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When Sen. Ben Sasse got wind that his fellow Republicans were preparing to censure him — again — for not being a stronger apologist for Donald Trump, he didn’t need a pollster or consultant to guide him. Sasse, a Nebraska Republican and one of the most conservative members of the Senate, wouldn’t bend to meet the former President’s whims. Rather than seek forgiveness, Sasse called it exactly as he saw it: party insiders were “hacked off” that he showed an independence from a “cult of personality.”

“As a friend and fellow Republican, I want to shoot straight: I’m not going to spend any time trying to talk you out of another censure. I listen to Nebraskans every day and very few of them are as angry about life as some of the people on this committee. Not all of you. But a lot,” he said in a Feb. 4 video. A little more than a week later, he joined six other GOP Senators to say Trump’s conduct leading up to the Jan. 6 Capitol riot merited a conviction in his impeachment trial.

That sure-footedness and political acumen lands Sasse on this year’s TIME100 Next list. He’s one of nine exceptional political leaders who are breaking into the top echelons of U.S. politics, both here in Washington and in places like Houston and Atlanta.

The list is a nonpartisan affair, highlighting the work of Republicans like Sasse and Rep. Adam Kinzinger, for working to check Trump’s influence on their party, and Parker Poling for pulling off an amazing feat when not a single Republican seeking re-election to the House last year lost. Brian Hooks is spending hundreds of millions of dollars — much of it rounded up by billionaire Charles Koch — to change the country, including reforming the criminal justice system.

At the same time, newly elected Senators Raphael Warnock and Jon Ossoff delivered the Democrats their effective majority in the Upper Chamber. Nsé Ufot and her effort to register voters in Georgia arguably helped the Georgia Senators do that. Jake Sullivan is coordinating U.S. foreign policy from a corner office in the West Wing. And Lina Hidalgo is running the third-largest county in America at age 29.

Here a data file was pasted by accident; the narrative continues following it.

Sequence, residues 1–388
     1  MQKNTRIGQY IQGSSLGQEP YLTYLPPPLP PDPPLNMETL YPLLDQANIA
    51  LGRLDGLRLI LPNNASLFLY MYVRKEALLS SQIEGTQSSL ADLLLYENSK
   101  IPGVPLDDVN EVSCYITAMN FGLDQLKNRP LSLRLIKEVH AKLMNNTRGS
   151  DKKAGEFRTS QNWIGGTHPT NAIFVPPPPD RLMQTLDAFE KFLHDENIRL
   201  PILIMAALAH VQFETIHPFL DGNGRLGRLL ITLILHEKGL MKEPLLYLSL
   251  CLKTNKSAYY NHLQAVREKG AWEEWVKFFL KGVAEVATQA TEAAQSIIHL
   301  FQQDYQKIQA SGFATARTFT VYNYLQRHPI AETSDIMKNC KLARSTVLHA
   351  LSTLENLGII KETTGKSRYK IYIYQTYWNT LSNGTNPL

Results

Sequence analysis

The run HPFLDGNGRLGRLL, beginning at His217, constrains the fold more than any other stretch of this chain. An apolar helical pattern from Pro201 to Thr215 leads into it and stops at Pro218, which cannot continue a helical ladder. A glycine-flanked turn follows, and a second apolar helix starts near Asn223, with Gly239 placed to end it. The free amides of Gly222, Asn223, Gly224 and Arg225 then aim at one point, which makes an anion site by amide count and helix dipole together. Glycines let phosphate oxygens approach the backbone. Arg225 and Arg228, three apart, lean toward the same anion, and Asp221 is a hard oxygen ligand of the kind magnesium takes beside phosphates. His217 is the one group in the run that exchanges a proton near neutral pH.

And that’s why this enterprise isn’t just another list of folks under a certain age who are enjoying their privilege. Sure, Sasse’s PhD from Yale helps, and Ossoff’s graduate work at the London School of Economics doesn’t hurt. But the pedigree of the folks who make this list matter less than a shared experience and a unique character. Washington can be a lonely place at the top, and these climbers are coming up together, resting on their excellence and latent potential. They’ll never miss a chance for a win. But they also know memories in Washington are long, ambition without achievement is a lethal combination, and it’s always a smart idea to have the number of someone you trust at the ready.

Coming up with this list, now in its third year, is as much about the individuals we honor as it is about the writers, as curated by TIME100 Editorial Director Dan Macsai. Like the TIME100, this kid brother makes a point about bringing together curious pairings. Pricilla Chan writing about Hooks? Why not? Madeleine Albright writing about Sullivan, the National Security Adviser who is in the role she once worked for? Gold. Sen. Mitt Romney — a former Governor, presidential nominee and credible #NeverTrump leader — writing about Sasse? Absolutely.

Washington is a Byzantine place, where protocol and permission dictate so much. The TIME100 Next is as much a celebration of that formality as a hint at who might shake it up in years to come. If politics had a futures desk, this might be a good place to start reading as they place their bets in coming years.

Readers of this newsletter know I’m not one to clog your inboxes with shameless plugs for TIME projects. In fact, on most days, I’m sending you to our competition. But on this one, trust me: the list is worth considering. If nothing else, you’re going to look smart at the next Zoom dinner party when a guest drops the name of someone who is shaping our politics and is just starting to break through outside the Beltway.

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Introducing the People Who Will Shape Washington for the Next Generation 1